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Posted on Jun 3, 2014 in Conference | 0 comments

Socially Optimized Learning in Virtual Environments (SOLVE): Developing, Evaluating, and Disseminating A Game HIV Prevention Intervention Nationally Over the Web

Lynn C. Miller, PhD1, John L. Christensen2, Paul Robert Appleby3, Stephen John Read3, Stacy Marsella3, Charisse Corsbie-Massay4, Carlos Godoy3, Mei Si5, Janeane Anderson3, David Jeong3, Mina Park3

1Professor, USC Annenberg School for Communication and Journalism & Department of Psychology; 2University of Connecticut; 3University of Southern California; 4Syracuse University; 5Rensselaer Polytechnic Institute

Journal MTM 3:1S:4, 2014

DOI: 10.7309/jmtm.3.1S.2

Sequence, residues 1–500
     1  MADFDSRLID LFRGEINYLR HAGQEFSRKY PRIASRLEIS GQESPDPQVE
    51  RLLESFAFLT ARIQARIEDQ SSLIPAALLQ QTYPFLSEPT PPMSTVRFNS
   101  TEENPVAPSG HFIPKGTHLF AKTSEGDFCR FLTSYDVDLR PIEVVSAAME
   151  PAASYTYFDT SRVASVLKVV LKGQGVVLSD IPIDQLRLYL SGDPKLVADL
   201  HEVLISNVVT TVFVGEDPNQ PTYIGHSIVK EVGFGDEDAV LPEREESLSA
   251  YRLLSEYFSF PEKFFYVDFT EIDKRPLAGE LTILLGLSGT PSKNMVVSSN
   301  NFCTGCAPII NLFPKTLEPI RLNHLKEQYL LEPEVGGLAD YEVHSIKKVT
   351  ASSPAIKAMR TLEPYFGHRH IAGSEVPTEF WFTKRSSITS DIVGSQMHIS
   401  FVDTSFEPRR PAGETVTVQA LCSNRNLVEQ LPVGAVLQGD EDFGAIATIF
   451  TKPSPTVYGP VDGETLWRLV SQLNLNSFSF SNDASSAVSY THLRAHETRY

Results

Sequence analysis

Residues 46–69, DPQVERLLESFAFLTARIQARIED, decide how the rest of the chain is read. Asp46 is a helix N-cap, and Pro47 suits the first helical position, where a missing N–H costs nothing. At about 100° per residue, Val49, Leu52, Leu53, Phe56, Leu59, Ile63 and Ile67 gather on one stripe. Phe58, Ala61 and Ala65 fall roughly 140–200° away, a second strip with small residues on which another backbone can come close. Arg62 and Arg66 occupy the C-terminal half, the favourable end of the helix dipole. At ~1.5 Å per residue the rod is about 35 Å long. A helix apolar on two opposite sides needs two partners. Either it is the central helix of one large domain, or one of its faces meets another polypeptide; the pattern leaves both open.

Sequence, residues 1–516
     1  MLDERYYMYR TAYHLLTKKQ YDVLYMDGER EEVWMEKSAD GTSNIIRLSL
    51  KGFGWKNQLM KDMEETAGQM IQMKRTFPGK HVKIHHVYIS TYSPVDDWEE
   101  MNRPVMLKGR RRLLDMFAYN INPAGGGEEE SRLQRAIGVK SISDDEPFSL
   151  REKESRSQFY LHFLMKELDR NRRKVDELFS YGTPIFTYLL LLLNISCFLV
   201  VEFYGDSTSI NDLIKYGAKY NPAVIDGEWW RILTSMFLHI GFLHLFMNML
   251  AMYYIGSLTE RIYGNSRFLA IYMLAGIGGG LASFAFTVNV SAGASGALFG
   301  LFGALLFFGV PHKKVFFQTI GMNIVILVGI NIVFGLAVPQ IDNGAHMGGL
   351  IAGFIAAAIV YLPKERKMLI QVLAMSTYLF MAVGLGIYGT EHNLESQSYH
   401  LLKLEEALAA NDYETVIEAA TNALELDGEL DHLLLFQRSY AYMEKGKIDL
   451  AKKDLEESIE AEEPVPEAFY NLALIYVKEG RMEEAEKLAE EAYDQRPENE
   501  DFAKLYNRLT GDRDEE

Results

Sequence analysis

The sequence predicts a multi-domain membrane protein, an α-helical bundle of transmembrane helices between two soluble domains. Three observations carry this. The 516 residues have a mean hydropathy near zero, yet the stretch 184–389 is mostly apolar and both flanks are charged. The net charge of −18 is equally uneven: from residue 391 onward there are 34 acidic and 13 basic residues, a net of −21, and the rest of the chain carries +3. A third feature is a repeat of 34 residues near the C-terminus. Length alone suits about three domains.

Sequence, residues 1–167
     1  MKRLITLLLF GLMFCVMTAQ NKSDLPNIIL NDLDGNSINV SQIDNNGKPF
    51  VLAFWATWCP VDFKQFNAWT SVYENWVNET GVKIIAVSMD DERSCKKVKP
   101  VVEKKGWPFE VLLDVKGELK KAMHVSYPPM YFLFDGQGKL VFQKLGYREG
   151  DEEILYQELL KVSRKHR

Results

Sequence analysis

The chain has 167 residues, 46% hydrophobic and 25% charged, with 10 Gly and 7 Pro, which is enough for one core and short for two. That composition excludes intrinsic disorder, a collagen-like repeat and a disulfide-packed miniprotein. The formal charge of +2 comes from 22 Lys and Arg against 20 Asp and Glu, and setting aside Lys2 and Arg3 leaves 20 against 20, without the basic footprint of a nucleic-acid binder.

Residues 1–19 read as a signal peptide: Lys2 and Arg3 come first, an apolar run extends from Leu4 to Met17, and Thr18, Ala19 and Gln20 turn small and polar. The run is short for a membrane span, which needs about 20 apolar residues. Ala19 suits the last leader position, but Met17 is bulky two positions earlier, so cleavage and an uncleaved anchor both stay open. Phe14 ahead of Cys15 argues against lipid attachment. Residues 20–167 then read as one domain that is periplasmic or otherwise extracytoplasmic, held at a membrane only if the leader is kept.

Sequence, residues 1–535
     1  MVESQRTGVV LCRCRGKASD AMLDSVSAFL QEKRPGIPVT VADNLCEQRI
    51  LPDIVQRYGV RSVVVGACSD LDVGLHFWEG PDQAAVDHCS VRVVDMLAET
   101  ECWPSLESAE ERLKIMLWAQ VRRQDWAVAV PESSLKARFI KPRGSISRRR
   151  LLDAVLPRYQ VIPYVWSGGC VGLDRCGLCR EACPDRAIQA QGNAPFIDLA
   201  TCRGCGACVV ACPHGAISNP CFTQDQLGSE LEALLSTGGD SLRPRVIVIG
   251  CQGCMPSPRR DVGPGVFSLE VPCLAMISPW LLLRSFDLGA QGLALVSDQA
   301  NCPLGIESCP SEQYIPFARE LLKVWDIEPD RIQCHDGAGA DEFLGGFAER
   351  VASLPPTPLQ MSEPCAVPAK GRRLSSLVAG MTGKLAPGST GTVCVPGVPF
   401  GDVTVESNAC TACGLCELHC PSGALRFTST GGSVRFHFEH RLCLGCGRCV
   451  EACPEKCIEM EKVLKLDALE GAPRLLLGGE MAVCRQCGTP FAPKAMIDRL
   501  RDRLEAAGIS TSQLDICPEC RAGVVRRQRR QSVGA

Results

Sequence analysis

Young men (18–24) who have sex with men (YMSM) are at high risk for contracting HIV. Most existing HIV prevention interventions focus on changing intervening cognitive and deliberative processes or outcomes (e.g., beliefs, norms, self-efficacy, intentions) to change behavior. Many MSM, however, guided by contextual cues in emotionally arousing scenarios, make more automatic risky decisions they later regret. One emotion in a sexual narrative that might precipitate more automatic risky choices for young MSM may be shame (e.g., in one’s sexual desires). But, HIV prevention interventions are not designed to reduce MSM’s shame. SOLVE (Socially Optimized Learning in Virtual Environments), as demonstrated by an NIAID-funded randomized control trial, used a sex-positive game to reduce MSM’s shame, increase traditional immediate cognitive outcomes, and reduce unprotected anal intercourse for young Black, Latino, and White MSM (18–24) over 3 months. Could interactive interventions be delivered more broadly over the web? In prior CHRP funded work, a SOLVE interactive video (IAV) intervention was streamed over the web throughout California. However, an IAV approach limits the amount of user interaction, risk challenges users receive, and intervention tailoring to MSM’s decisions. This is addressed using a nationally deliverable 3D animated intelligent agents/interactive digital storytelling game in UNITY. MSM design their own characters, make choices for them on dates and sexual interactions, and are scaffolded by the user character’s virtual future self (participant’s older chosen self-character) to enhance self-regulation when risky. The NIMH-funded SOLVE-IT game development process for young MSM is discussed. Preliminary results from a 6-month randomized controlled trial conducted nationally, over the web, are promising.